In addition to following the design recipe, we would like you to observe basic style guidelines for your programs. Not observing these very basic guidelines leads to unreadable code.
- Start the file with the a purpose statement for the file, the requires, and a comment describing how to run the program.
- Then put constant definitions and data definitions.
- Then put your functions and tests. Organize your functions into meaningful groups. Put help functions near the functions that they help. If your tests are short, put them near the function they test. Long test suites can be put at the end of the file.
- Use function names and variable names that make sense with respect to the problem and the purpose statement. See the section on Naming Conventions below.
- Use consistent indenting. The Racket indenter does a very good job. A carriage return will, by default, start the next line at the right indentation. As you edit code, lines may wind up improperly indented. TAB correctly re-indents the current line. If a portion of your file is selected (shown in blue), TAB reindents everything in the current region. Type ctl-A TAB to select the entire file and reindent the whole thing.
- No line should span more than 80-90 characters. The position of the cursor, including its position on the line, is shown in the bottom right of the Racket definitions window. (A few long lines are OK, but don't make a habit of it.)
- Use visually distinctive separators to divide distinct sections of your program. I tend to use lines consisting of many semicolons, but you may use asterisks, dashes, or whatever pleases you. If you have sections and subsections, you can use 2 lines of separators between major sections and one line of separators between minor sections.
In general, we use the following conventions:
- Choose function names carefully. When a function is used in some other piece of code, the reader (that is, someone other than you!) should be able to tell roughly what a function computes just by looking at its name. If further detail is needed, then the reader can refer to the purpose statement of the function. If the function name is chosen well and the purpose statement is written well, the reader should rarely, if ever, need to refer to the function definition.
- Function names should be in lower case. Use a minus sign ("-") to separate words in function names, e.g. cat-speed, world-after-tick.
- Function names should almost always be nouns. The function name
should usually describe the result of the function, not
what the function does. (e.g. area, not
compute-area) Use the first component of the name to
distinguish similar functions with different arguments, e.g.:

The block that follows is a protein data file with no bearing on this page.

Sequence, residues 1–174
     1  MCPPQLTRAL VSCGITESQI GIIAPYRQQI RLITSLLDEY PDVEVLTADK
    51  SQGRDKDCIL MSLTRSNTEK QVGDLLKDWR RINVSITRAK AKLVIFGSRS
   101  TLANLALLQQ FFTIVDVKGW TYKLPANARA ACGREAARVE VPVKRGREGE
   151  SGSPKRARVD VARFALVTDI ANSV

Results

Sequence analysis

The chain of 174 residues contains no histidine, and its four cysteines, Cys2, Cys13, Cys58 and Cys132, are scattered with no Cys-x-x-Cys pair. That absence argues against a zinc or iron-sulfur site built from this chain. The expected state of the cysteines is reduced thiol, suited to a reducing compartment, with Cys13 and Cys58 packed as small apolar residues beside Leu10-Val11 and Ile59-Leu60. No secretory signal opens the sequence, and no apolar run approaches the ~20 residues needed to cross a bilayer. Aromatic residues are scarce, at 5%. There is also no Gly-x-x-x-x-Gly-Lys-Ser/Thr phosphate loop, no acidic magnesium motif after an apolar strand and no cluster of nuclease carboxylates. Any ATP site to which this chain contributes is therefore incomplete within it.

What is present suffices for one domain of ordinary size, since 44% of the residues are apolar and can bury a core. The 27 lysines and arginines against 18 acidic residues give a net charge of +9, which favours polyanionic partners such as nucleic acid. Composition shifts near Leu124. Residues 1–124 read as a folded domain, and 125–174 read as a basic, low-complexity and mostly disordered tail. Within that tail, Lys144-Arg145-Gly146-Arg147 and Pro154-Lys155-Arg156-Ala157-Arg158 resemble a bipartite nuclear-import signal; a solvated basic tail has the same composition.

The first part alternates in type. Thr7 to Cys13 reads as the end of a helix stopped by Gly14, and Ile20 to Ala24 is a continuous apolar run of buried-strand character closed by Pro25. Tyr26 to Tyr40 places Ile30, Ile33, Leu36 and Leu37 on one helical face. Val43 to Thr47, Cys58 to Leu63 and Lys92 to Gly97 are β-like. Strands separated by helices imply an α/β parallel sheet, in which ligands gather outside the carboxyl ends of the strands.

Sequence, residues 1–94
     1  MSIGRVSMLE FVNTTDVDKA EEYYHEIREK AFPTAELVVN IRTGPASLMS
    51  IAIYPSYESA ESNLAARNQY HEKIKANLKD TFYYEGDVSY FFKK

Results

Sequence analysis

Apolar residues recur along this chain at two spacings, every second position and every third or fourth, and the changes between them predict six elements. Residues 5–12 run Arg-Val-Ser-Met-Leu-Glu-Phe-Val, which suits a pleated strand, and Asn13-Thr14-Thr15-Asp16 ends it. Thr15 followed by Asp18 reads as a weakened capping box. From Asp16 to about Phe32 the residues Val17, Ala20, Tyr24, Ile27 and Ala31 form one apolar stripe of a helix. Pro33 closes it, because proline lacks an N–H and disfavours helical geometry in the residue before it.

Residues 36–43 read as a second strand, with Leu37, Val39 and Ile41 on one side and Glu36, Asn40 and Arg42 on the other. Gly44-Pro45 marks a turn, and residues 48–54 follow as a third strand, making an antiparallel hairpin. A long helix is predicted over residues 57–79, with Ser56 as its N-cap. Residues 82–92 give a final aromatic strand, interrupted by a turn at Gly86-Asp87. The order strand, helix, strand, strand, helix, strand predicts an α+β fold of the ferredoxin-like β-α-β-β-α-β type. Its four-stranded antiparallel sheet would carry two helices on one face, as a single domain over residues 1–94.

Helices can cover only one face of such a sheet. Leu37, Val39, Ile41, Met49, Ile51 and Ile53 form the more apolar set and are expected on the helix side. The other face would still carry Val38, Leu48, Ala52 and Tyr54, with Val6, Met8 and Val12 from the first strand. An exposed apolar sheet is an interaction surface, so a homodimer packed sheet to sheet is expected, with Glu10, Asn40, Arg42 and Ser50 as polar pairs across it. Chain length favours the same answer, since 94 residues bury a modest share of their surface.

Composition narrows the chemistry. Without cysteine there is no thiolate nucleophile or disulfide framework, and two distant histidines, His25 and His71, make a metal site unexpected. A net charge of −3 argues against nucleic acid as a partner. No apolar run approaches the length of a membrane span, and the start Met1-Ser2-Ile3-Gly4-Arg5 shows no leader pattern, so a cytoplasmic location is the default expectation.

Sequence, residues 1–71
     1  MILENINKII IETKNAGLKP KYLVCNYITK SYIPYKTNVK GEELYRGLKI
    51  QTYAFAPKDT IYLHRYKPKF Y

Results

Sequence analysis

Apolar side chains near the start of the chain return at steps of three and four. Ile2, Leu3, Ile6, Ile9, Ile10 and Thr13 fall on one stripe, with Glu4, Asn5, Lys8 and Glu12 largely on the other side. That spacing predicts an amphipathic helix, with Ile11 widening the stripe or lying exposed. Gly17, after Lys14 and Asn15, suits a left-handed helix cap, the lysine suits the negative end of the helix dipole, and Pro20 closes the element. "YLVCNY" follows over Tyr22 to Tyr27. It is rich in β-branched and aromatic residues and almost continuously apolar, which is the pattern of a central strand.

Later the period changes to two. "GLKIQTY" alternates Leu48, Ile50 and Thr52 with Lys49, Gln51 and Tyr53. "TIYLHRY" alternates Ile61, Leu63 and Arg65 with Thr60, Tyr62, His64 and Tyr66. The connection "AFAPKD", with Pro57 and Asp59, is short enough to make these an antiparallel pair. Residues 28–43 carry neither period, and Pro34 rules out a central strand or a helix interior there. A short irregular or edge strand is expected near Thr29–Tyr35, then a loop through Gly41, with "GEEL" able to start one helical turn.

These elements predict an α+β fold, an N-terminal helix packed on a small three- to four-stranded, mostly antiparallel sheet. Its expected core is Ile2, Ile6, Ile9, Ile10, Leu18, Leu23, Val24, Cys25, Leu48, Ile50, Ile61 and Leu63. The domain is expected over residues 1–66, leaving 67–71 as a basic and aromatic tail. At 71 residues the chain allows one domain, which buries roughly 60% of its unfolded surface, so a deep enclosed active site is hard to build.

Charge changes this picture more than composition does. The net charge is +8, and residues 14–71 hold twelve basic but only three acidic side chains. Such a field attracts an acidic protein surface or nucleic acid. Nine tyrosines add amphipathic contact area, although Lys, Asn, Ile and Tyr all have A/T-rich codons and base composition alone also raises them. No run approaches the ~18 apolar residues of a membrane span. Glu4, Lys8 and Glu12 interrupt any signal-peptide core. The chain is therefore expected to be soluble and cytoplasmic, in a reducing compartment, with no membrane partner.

- circle-area, ring-area
- book-price, total-order-price
- rectangle-after-tick, selected-rectangle-after-tick, unselected-rectangle-after-tick
Write a WHERE clause in your purpose statement to document the meaning of names like this, eg.
rectangle-after-tick : Rectangle -> Rectangle GIVEN: A rectangle r RETURNS: The rectangle that should follow the given one after a tick selected-rectangle-after-tick : Rectangle -> Rectangle GIVEN: A rectangle r WHERE: r is selected RETURNS: The rectangle that should follow the given one after a tick
- Predicates should end in ? : e.g., square? (pronounced "square-huh?")
- We generally use short names for variables (arguments) e.g.,
- b for a Ball
- lob for a ListOfBall
- It is preferable to use mnemonic names, like cost or price, or qualified names, like mouse-x or bomb-x, rather than names that merely identify the data type of the variable.
- Sometimes I'll use plural names or abbreviations for lists, such as balls or bs for a ListOfBall
- Global constants are in upper-case: eg. HEIGHT, WIDTH, BALL-SPEED
- Names of data definitions are in CamelCase: e.g. ListOfNumber, World, FallingCatKeyEvent .
- Everything else is in lower case, including names of structs and functions. Use a minus sign ("-") to separate words in procedure names, e.g. cat-speed, world-after-tick.
- Names of interfaces are Capitalized, like data definitions, and end in <%>
- Names of clases of Capitalized, like data definitions, and end in %.
Use Help Functions to Simplify Your Code
Use help functions to clarify your intentions in a piece of code. That messy junk you just wrote in your function must have had some purpose. Turn it into a help function so you can document its purpose, and give it independent tests.
Short is good. Long is bad. Period.
Here are two radically different versions of the same function.
; ball-after-tick : Ball -> Ball (define (ball-after-tick b) (cond [(and (<= YUP (where b) YLO) (or (<= (ball-x b) XWALL (+ (ball-x b) (ball-dx b))) (>= (ball-x b) XWALL (+ (ball-x b) (ball-dx b))))) (make-ball (- (* 2 XWALL) (ball-x (straight b 1.))) (ball-y (straight b 1.)) (- (ball-dx (straight b 1.))) (ball-dy (straight b 1.)))] [else (straight b 1.)]))
; ball-after-tick : Ball -> Ball (define (ball-after-tick b) (cond [(would-hit-wall? b) (ball-at-wall-reversed b)] [else (ball-after-straight-move b 1.)]))
Both always return the same answer. But which one do you understand immediately? Which programming style makes sense? Which will drive the TA crazy?
Last modified: Sun Sep 18 08:03:53 Eastern Daylight Time 2016